I’ve been reporting on MWC for various entities for many years. Almost invariably I’ve done this from afar, scanning the press releases, journalist announcements and similar. The years when I’ve actually attended I haven’t actually gained anything more from being there – it’s only in private conversations where the true story comes out and these can happen outside of MWC in a less hassled environment.
What has astonished me this year is the complete lack of any news. Samsung have a better camera and Nokia have a yellow phone – that appears to be it. No major 5G announcements, no new use cases, no significant vertical industry interactions. What were 100,000 people doing?
Regarding 5G there were a few “we’re going to lead the world” announcements, particularly in the US where one-upmanship appears to be rampant; equally there were a few “we can’t see any business case” including, tellingly from Korea Telecom, often seen as the poster child for 5G leadership. In operator panels there was a general inclination to talk down the potential for 5G. The data published was stark and yet often not accepted. The GSMA predicted no revenue growth for the industry (in the developed world) out to 2025 and falling capital expenditure. McKinsey predicted even a modest 5G deployment would increase capital and operational expenditure by 60%, and a full deployment by 300%. Samsung suggested that there was little hope of revenue from verticals, at least in the next few years, due to lack of concerted engagement. A few held out a vague hope for operational cost savings as a way to square that circle.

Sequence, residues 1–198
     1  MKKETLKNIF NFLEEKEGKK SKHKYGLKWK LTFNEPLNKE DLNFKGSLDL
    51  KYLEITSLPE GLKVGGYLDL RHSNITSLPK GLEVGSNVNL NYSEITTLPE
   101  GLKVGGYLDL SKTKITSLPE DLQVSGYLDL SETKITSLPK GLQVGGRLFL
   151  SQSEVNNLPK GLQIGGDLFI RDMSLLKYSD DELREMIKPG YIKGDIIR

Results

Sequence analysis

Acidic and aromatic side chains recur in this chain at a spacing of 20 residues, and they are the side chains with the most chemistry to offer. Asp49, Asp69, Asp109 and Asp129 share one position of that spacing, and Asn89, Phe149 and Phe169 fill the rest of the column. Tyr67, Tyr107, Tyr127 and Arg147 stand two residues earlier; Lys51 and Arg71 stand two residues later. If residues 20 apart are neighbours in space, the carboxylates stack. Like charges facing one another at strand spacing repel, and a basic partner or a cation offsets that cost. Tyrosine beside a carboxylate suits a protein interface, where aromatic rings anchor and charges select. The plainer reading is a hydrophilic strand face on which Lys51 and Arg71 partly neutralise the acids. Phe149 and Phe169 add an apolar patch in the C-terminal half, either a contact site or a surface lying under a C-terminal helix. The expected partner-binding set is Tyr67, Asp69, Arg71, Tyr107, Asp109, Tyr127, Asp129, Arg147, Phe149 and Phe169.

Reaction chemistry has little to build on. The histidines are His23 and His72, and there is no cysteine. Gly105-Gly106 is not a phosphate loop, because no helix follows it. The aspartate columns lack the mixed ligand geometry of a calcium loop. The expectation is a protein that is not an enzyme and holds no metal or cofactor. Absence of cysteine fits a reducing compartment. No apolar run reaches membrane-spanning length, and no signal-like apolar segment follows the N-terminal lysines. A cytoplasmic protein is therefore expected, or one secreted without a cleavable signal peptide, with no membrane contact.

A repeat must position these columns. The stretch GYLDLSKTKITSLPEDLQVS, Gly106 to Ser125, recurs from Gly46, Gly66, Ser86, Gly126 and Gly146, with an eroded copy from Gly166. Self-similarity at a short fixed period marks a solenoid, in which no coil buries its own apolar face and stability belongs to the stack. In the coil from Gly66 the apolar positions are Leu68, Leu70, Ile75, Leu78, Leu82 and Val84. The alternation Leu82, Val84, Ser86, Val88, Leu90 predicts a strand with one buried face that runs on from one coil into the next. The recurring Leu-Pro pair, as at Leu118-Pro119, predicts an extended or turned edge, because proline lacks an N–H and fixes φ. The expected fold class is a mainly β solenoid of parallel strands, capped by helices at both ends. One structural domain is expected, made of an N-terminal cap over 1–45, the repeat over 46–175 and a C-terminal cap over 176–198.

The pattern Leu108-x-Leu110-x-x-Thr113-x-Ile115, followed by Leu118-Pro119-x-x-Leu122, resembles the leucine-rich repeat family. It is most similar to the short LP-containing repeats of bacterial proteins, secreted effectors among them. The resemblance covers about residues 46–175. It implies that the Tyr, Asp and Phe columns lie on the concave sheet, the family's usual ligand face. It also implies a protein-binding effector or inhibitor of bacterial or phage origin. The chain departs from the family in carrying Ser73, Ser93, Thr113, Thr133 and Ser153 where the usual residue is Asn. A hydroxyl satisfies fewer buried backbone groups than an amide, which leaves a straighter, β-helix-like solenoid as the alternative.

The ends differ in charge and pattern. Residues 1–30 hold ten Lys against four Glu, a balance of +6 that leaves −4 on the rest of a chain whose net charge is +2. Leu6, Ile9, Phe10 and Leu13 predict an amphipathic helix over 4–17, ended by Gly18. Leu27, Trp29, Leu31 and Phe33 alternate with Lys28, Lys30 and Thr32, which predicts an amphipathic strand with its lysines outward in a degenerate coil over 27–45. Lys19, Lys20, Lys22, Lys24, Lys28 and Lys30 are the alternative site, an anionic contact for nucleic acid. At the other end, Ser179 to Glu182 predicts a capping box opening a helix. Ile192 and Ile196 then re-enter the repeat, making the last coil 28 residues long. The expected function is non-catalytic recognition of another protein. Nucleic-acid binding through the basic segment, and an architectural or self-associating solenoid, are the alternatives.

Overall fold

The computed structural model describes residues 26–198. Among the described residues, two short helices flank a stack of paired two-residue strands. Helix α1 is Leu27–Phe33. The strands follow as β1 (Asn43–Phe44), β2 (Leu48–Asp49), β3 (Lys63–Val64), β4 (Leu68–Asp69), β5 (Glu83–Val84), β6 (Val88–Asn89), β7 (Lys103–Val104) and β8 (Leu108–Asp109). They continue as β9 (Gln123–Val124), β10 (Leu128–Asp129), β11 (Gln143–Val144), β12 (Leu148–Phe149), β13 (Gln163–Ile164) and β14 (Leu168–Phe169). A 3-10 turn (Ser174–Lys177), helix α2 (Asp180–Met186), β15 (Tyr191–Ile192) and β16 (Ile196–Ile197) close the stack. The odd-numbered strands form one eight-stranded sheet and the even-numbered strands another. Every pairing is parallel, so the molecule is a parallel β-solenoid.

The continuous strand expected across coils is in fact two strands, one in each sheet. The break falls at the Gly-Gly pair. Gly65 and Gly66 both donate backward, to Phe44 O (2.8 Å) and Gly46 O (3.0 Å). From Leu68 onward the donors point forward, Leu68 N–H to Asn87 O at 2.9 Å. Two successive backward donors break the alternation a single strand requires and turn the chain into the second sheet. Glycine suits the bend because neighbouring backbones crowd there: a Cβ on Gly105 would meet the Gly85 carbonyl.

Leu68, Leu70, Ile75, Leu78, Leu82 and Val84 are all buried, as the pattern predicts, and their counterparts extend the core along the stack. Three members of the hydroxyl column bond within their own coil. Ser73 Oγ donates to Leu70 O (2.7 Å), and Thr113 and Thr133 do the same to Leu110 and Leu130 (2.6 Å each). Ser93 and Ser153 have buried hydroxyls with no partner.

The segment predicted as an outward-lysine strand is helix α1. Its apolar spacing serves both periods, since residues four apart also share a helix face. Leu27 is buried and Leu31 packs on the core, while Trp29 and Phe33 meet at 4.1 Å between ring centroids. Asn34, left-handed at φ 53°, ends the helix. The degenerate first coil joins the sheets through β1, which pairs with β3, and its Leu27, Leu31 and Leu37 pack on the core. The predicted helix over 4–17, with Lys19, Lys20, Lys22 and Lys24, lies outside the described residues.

When the industry cannot even generate any buzz at its own, carefully stage managed, annual jamboree, then there is something seriously amiss. It feels like the approach to mobile provision, which has worked so well for three decades, has run its course, but that coming up with an alternative is proving very hard.
It’s all very much as predicted in my book “The 5G Myth” which does provide an alternative future for the industry.